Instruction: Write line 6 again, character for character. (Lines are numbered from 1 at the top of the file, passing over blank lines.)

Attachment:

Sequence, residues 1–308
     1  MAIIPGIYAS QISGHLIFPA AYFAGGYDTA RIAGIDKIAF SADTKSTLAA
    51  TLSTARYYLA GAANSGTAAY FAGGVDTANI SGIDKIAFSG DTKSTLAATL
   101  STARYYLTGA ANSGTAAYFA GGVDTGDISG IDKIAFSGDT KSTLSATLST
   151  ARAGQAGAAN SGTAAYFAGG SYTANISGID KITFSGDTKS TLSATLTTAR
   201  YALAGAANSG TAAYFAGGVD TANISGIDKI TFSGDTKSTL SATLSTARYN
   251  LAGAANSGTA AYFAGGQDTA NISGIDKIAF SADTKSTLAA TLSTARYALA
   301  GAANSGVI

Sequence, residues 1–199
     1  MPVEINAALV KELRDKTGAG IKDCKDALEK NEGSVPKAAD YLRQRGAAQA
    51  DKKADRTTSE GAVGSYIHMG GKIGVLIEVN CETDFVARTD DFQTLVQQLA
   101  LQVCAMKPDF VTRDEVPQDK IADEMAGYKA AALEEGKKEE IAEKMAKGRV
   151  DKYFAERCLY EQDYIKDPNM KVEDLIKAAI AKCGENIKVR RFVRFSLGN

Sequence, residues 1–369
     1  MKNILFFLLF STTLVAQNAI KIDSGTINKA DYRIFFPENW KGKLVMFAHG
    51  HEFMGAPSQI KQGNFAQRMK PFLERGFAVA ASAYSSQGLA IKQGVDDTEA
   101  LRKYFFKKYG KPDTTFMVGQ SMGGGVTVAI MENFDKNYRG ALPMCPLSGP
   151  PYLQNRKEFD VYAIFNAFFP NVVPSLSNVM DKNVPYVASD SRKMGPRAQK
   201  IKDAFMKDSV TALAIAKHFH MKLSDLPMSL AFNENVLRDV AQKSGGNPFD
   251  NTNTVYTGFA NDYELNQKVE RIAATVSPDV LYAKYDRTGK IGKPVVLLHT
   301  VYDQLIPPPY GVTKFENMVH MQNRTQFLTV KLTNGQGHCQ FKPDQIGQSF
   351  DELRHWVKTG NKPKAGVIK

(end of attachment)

   201  YALAGAANSG TAAYFAGGVD TANISGIDKI TFSGDTKSTL SATLSTARYN